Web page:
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Predatory Journals and Publishers

A guide to identifying and avoiding predatory publishers.

About This Guide

Read this guide if you are thinking about publishing your research in an academic/scholarly journal.  This guide is aimed at helping you identify and avoid predatory journals and publishers.  The best advice is always to seek help from senior colleagues or the Library before submitting a paper for publication. 

What are predatory journals?

Predatory journals exploit a publishing model where the author pays to publish articles that are usually made freely available on the web.  Predatory journals deceive authors by claiming to provide peer review and editorial services but in fact publishing anything submitted without proper scrutiny.  Predatory journals use a number of strategies to disguise their true nature, however, with a few precautions and checks it is possible to identify and avoid them.

What are the risks in publishing in a predatory journal?

Inadvertently publishing in a predatory journal can be a risk your reputation as a researcher.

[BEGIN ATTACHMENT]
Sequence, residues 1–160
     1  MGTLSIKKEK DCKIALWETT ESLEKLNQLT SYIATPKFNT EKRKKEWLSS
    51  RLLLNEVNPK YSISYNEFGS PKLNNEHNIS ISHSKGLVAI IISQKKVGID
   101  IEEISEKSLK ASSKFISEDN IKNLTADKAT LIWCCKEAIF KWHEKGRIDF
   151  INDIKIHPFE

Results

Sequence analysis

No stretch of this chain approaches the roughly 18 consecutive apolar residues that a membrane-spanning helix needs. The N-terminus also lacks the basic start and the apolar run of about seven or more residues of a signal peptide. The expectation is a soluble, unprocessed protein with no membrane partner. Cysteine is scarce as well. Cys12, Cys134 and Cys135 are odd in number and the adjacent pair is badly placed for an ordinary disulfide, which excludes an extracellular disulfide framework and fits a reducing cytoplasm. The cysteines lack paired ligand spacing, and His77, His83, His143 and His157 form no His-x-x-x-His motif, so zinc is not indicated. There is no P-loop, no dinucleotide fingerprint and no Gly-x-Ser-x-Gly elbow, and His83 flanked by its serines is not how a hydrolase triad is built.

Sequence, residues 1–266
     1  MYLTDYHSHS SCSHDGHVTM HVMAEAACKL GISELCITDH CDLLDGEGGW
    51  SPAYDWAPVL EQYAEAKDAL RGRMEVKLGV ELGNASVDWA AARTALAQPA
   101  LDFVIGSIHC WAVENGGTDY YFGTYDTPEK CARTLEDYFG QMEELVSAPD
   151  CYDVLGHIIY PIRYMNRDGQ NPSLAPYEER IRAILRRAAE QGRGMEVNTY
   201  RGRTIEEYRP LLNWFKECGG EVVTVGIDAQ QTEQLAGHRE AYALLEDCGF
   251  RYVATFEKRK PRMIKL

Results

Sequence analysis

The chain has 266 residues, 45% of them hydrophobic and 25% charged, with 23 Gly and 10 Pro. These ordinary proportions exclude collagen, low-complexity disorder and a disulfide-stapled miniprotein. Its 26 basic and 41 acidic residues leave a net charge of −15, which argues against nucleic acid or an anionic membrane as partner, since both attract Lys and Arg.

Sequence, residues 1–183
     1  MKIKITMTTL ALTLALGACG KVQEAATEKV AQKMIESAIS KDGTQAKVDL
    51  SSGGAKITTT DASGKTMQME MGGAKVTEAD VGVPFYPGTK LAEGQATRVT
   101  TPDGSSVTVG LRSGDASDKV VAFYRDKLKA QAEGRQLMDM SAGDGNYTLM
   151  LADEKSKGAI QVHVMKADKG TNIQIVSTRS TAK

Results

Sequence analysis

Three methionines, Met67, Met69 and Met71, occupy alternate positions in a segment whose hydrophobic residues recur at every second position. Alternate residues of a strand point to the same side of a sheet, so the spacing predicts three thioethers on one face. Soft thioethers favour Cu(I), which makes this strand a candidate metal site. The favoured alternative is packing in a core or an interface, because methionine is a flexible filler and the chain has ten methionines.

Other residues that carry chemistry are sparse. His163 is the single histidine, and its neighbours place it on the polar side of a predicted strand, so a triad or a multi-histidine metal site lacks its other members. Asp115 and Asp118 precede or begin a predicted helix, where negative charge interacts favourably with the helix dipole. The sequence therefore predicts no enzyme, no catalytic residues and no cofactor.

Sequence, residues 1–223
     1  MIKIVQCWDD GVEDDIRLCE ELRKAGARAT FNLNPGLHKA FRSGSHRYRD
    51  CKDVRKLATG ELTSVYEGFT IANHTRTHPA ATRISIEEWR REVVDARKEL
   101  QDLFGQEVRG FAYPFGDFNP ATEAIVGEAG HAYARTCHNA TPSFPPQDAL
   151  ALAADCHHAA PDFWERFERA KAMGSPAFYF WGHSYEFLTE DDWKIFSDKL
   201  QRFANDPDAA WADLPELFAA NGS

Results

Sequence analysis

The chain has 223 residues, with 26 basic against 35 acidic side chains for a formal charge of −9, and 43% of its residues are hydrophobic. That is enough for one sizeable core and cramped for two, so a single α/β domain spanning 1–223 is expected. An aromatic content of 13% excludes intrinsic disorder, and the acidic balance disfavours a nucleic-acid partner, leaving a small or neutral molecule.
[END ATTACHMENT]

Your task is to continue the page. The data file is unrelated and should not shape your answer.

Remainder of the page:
• Loss of credibility - publishing in a predatory journal can damage your credibility and the credibility of your research.
  • Loss of control of your copyright – predatory journals may ask you to sign over the copyright of your article.  Even if this is not the case predatory publishers have no interest in helping to withdraw your article and may use any request as leverage to charge further fees. 
  • Predatory publishers will exploit your profile – predatory publishers will use your reputation to enhance their own. Typically adding your name to lists of editors, even if you haven’t agreed to be one. 
  • Lost opportunity -  you lose the opportunity to publish your research in a credible journal.

Think, Check, Submit

Think Check Submit is a simple checklist to help you make the right choices when you look for journals to publish your research.